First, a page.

Home > Bible Study, Isaiah, S. Lewis Johnson > Isaiah 53: The Five Stanzas, and the Five Offerings of Leviticus

Isaiah 53: The Five Stanzas, and the Five Offerings of Leviticus


With Isaiah 52:13 -53:12 the S. Lewis Johnson Isaiah series reaches a high point in Biblical prophecy: the most quoted and referenced passage from OT prophecy, in the New Testament.  This is a well-known text, and yet even here I learned many interesting things from the SLJ Isaiah series.

This passage consists of 5 strophes, or stanzas — 5 facets of the saving work of Jesus Christ.  Each set contains three verses, and the verses increase in length as we go through all five.  The first words of each of the stanzas sets the theme for the verses that follow.

  • Isaiah 52:13-15 — The Suffering Messiah, Successful:  “Behold, my servant shall act wisely; he shall be high and lifted up, and shall be exalted.”
  • Isaiah 53:1-3 — The Suffering Messiah, Misunderstood:  “Who has believed what he has heard from us?”
  • Isaiah 53:4-6 — The Suffering Messiah, Substitutionary  (or, A Substitute):  “Surely he has borne our griefs and carried our sorrows”
  • Isaiah 53:7-9 –The Suffering Messiah, Submissive:  “He was oppressed, and he was afflicted,”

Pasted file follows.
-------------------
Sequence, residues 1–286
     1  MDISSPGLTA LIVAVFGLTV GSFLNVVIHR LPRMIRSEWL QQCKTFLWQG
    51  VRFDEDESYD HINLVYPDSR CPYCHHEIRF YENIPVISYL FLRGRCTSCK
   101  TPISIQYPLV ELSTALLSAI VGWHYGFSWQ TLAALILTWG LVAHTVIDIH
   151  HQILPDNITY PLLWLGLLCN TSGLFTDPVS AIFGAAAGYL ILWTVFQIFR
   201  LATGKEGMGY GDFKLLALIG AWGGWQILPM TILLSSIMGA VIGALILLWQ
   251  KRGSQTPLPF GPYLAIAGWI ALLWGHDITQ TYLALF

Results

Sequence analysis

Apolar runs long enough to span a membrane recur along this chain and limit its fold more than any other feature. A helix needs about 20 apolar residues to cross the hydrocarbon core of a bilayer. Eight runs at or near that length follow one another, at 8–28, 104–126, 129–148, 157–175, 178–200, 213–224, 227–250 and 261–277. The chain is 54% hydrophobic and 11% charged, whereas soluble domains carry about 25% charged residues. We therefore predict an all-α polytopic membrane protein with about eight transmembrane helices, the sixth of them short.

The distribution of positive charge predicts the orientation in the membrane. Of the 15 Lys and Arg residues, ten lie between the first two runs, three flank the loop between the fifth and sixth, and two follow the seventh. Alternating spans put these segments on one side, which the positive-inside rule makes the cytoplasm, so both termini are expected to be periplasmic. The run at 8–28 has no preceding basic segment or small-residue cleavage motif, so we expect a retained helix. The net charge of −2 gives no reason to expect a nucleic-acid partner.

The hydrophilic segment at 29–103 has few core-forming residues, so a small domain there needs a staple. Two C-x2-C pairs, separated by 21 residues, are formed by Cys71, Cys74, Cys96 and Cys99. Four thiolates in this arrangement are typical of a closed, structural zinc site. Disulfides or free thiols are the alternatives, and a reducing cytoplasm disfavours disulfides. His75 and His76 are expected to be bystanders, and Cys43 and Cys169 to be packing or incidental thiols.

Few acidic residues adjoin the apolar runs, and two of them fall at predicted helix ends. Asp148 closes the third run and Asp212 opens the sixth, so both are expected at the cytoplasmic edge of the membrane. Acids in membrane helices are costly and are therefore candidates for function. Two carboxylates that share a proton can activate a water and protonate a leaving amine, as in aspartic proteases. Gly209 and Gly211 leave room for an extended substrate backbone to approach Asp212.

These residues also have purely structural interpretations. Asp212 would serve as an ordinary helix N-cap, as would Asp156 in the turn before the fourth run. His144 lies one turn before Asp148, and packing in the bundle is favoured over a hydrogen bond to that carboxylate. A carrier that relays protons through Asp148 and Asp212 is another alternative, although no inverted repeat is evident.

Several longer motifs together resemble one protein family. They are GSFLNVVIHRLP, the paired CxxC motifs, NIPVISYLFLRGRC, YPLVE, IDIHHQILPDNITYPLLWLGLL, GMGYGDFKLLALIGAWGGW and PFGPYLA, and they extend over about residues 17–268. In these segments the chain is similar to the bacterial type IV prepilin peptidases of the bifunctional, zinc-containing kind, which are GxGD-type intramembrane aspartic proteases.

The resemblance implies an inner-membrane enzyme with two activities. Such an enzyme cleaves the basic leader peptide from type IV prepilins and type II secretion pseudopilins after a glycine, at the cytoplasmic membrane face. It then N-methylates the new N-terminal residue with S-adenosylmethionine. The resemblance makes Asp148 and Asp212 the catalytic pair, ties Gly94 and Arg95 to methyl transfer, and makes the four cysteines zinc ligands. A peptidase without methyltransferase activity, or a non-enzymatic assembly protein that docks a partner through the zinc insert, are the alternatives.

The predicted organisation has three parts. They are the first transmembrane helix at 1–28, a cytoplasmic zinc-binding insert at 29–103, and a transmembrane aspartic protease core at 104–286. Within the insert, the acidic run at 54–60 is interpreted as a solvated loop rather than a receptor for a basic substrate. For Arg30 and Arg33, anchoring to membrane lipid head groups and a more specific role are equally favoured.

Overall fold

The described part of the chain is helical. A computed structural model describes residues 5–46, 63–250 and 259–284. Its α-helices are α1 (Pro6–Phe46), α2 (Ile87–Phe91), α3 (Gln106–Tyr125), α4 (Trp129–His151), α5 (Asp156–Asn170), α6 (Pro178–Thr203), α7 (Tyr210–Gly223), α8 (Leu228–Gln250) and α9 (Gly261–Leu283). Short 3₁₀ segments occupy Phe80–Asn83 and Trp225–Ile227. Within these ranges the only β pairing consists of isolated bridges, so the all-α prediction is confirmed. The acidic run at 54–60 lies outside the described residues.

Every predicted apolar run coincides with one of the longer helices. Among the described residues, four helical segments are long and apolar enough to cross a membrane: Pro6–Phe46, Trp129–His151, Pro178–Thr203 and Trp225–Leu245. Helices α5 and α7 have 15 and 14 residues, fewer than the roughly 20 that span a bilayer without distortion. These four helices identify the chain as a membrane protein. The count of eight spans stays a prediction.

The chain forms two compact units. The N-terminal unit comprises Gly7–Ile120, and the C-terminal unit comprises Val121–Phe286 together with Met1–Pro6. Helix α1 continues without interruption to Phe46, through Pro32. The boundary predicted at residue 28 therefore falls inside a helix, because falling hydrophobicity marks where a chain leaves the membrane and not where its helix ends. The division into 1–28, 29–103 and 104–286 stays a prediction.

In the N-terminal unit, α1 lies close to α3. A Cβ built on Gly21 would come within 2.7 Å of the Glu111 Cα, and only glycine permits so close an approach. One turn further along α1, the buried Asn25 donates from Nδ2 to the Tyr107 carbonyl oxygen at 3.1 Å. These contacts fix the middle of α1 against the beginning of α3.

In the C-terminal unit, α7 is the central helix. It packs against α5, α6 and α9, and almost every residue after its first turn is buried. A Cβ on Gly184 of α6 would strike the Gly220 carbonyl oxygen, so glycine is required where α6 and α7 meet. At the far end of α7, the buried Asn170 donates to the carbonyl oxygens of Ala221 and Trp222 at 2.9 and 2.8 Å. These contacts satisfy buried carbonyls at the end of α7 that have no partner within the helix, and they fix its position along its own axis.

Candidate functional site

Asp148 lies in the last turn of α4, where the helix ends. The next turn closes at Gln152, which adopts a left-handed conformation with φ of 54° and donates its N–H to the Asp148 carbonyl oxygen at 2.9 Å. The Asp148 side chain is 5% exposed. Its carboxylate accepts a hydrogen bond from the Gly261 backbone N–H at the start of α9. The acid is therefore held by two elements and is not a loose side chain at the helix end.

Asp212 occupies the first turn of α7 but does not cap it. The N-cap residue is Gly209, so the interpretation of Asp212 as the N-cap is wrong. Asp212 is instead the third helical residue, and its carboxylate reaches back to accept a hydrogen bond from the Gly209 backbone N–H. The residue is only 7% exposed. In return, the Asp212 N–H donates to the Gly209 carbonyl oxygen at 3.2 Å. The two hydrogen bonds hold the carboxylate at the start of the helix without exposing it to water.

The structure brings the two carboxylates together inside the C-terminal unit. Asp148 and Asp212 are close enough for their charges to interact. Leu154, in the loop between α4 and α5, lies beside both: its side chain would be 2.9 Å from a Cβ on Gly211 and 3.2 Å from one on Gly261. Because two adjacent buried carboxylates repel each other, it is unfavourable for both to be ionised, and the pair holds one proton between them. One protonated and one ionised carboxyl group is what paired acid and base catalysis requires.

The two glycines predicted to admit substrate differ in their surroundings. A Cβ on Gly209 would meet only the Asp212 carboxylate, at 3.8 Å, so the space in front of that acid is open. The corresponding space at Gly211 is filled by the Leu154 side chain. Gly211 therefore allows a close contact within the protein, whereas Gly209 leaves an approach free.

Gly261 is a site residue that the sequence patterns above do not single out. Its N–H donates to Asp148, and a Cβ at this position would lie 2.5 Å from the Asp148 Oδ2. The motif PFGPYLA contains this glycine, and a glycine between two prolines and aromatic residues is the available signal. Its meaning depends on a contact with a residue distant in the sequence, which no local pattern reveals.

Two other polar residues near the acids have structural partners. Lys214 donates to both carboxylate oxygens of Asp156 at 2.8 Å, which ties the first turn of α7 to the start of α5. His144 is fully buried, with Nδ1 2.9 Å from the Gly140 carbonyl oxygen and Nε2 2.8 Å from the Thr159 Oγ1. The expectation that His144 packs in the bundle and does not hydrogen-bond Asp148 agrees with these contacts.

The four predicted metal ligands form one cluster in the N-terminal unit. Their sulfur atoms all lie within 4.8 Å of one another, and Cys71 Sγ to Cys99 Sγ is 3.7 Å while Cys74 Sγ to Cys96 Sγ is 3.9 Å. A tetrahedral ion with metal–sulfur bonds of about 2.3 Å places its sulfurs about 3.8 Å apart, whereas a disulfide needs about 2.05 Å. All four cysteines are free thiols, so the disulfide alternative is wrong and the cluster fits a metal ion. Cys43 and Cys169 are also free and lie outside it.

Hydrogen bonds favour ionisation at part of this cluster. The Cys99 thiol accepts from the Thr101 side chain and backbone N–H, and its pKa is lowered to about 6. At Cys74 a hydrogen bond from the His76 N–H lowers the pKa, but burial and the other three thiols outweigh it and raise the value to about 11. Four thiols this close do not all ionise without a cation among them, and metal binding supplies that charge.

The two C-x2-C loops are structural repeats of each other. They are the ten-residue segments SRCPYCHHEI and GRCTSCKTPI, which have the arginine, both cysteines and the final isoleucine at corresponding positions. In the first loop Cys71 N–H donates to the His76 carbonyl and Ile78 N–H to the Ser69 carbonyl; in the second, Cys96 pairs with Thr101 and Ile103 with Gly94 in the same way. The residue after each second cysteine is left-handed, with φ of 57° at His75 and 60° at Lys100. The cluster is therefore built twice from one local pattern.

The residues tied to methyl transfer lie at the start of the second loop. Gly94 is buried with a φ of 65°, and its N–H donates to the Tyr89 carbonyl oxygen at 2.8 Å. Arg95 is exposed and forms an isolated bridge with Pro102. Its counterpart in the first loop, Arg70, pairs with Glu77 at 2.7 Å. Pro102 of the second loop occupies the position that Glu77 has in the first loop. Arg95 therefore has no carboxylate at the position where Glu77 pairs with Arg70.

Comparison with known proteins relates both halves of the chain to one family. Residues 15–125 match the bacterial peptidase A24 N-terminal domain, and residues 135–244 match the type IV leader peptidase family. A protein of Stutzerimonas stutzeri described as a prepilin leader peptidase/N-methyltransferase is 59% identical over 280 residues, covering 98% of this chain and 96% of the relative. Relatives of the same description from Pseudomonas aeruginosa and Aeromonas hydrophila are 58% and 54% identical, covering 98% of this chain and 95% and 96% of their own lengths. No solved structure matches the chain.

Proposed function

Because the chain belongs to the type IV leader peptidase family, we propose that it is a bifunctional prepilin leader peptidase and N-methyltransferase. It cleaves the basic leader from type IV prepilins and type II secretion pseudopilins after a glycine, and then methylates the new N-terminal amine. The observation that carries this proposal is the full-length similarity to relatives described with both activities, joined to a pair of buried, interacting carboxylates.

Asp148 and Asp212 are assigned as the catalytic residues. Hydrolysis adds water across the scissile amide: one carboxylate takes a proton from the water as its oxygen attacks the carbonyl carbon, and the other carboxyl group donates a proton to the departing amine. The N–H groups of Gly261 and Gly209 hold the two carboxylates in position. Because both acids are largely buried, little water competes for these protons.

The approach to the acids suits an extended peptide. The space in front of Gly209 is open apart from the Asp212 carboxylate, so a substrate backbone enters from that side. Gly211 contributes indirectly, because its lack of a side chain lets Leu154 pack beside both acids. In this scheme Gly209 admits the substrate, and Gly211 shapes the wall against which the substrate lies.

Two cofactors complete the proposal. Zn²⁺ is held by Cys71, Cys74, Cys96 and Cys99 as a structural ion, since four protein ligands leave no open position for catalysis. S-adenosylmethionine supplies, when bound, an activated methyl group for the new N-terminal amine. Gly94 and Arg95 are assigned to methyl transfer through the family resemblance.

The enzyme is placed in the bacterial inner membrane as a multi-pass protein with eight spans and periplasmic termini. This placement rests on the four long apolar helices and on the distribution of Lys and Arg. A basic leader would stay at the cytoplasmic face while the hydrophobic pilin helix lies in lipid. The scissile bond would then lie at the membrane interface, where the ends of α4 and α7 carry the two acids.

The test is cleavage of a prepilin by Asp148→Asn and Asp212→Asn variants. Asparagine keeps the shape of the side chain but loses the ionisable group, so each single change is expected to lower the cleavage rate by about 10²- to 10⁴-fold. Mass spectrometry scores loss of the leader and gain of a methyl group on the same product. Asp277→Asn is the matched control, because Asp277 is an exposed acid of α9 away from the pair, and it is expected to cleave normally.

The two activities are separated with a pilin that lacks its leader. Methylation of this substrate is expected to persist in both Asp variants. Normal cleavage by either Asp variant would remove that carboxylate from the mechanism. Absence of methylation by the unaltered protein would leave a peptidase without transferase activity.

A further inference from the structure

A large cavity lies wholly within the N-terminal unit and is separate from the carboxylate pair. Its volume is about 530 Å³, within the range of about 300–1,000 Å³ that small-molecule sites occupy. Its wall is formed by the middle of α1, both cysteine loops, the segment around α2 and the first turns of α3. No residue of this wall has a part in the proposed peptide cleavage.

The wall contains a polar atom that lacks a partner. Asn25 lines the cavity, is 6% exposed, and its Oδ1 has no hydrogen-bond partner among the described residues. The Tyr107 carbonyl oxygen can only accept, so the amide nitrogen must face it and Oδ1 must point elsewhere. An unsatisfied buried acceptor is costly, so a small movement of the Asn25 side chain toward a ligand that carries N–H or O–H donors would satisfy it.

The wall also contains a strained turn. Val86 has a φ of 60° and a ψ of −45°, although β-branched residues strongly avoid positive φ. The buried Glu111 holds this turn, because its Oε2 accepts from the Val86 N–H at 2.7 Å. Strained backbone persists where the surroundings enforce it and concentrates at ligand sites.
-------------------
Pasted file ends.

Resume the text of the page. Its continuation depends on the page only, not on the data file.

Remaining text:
• Isaiah 53:10-12 —  The Suffering Messiah, Foreordained (or Planned, or Purposed):  “it pleased the Lord to bruise/crush Him”

These five stanzas also show similarity to the five Old Testament offerings as described in Leviticus 1 – 5.

  • The Burnt Offering (Leviticus 1):  this offering illustrates the one who is whole-hearted to do the will of God.  Here in Isaiah 52:13-15 we see the will of God: Christ’s death, resurrection, ascension and cession
  • The Meal Offering (Leviticus 2):  the meal offering represents, in the fine flour, the perfect humanity and character of Jesus Christ.  Great Christian men of our history, such as Luther and Calvin, were not as fine flour, but had their faults, their coarseness.  Jesus is a “man of sorrows,” the fine flour.
  • The Peace Offering (Leviticus 3):  In Isaiah 53, the substitute is smited — a violent striking.  The peace offering represents an atonement that issues in peace.  Isaiah 53: “upon him was the chastisement that brought us peace, and with his stripes we are healed.”
  • The Sin Offering (Leviticus 4):  In the sin offering, the transgression of Israel was covered.  Part of the animal burned, but the body taken outside the camp and destroyed.  Jesus was the sin offering, executed outside the city.
  • The Trespass (Guilt) Offering (Leviticus 5):  In Isaiah 53:10 “when his soul makes an offering for guilt,” the same Hebrew word for guilt is used here, as the Hebrew word for the guilt offering in Leviticus.

 

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